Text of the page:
Through the use of clever insights, code chunks, design snippets, awesome tools and key discussions — we hope to nudge a world of tech creators, new or otherwise, towards big ideas and also help them build brands around those ideas. Because it is one thing to be able to spot trends and come up with uncommon solutions to common problems; and quite another to be able to make the resulting solutions happen.

Great cities attract ambitious people. You can sense it when you walk around one. In a hundred subtle ways, the city sends you a message: you could do more; you should try harder.

No matter how determined you are, it’s hard not to be influenced by the people around you. It’s not so much that you do whatever a city expects of you, but that you get discouraged when no one around you cares about the same things you do. — Paul Graham.

There aren’t many things more powerful than a community of driven people working on inter-related problems.

We believe there is immense value to be drawn from bringing passionate people together in the name of work. I use the word ‘work’ lightly because it’s only in the sense of the results that it produces that it can be termed work. To the worker, it’s anything but. Passionate people love what they do so much that the concept of “spare time” often seems mistaken. These are the people that inspire our work because we see a bit of ourselves in them.

At the risk of alienating people, if your work does not involve a moment of reflection at the end, that allows you to be able to say something like, “wow, that’s f****** brilliant”, Techboxx is probably the wrong platform for you. After all, inclusion by its very definition excludes others.

Going in, we understand how difficult it’s going to be to have an audience big enough to fully justify the effort we’ll throw into Techboxx. This is largely down to two factors. One, not everyone wants to be a tech entrepreneur. Two, not everyone is cut out to be one.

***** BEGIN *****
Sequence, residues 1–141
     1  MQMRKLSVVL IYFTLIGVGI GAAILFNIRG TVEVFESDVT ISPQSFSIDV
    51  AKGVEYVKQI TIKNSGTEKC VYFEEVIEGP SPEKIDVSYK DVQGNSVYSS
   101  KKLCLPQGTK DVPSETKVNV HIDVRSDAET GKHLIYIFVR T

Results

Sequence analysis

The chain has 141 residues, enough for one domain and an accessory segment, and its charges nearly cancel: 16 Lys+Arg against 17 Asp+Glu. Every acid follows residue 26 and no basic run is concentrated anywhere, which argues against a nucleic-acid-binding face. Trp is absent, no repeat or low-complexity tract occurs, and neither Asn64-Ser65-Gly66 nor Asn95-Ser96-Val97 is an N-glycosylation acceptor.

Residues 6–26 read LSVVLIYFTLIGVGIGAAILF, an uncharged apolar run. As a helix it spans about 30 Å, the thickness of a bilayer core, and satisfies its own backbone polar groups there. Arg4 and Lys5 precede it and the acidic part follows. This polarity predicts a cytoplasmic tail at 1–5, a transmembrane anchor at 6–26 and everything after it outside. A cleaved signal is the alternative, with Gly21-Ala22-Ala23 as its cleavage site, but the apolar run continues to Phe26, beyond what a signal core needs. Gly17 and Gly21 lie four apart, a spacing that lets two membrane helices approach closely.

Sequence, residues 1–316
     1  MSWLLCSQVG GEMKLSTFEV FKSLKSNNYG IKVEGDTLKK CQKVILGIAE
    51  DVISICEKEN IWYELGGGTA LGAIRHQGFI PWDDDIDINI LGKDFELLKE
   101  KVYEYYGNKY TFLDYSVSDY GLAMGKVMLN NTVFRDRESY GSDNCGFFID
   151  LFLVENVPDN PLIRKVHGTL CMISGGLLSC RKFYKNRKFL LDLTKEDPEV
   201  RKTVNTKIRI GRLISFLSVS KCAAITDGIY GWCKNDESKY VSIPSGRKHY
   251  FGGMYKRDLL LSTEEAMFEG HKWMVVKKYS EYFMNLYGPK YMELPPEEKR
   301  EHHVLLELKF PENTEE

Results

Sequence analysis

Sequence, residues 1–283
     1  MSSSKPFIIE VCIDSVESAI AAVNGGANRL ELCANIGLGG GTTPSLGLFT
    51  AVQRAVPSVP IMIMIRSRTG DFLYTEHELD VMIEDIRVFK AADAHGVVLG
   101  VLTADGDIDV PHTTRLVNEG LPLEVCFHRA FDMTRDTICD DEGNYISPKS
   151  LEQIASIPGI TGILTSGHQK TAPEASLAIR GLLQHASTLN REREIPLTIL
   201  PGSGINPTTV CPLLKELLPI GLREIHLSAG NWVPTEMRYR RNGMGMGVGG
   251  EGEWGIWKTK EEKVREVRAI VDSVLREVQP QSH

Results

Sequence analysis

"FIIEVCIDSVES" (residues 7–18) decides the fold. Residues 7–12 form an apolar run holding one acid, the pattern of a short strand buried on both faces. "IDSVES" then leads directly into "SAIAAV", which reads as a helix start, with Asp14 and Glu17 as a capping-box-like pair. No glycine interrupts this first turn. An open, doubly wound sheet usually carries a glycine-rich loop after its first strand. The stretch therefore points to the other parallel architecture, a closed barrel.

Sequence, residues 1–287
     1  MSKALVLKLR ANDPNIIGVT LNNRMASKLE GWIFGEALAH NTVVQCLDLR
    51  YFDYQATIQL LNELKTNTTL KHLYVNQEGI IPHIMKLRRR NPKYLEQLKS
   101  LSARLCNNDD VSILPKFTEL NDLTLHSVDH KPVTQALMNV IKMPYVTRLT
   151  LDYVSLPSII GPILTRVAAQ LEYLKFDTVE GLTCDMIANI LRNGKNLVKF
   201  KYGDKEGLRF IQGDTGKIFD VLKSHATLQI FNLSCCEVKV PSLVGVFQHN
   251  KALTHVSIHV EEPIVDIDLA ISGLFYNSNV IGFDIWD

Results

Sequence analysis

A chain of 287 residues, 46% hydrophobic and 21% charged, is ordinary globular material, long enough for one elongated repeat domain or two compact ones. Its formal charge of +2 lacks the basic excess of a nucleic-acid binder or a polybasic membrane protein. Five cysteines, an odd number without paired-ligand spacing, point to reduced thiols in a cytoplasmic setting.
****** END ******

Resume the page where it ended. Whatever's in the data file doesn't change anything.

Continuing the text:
In Africa, and indeed across the world, ‘looking for a job at big company X’ is an ingrained culture that has enjoyed decades of reinforcement and reversing it will take some doing. This is especially true in our home country, Zimbabwe. That said, we still can’t help imagining a world where creating a company is the default. We’ll do our fair bit to make it so, whatever the outcome; it will be worth our while.

It’s exciting to think we may be on the cusp of another shift like the one from farming to manufacturing. That’s why I care about startups. Startups aren’t interesting just because they’re a way to make a lot of money. I couldn’t care less about other ways to do that, like speculating in securities. At most those are interesting the way puzzles are. There’s more going on with startups. They may represent one of those rare, historic shifts in the way wealth is created. — Paul Graham.

We are excited by the idea of having a little corner of the Internet that owes its existence to our effort. Much more than that, we are excited by the opportunity to be part of this revolution, wherever it may lead.

I originally posted this blog post on techboxx.co. If you enjoyed this post, it’ll be awesome beyond words if you can pay us a visit there or just hit the recommend button here : )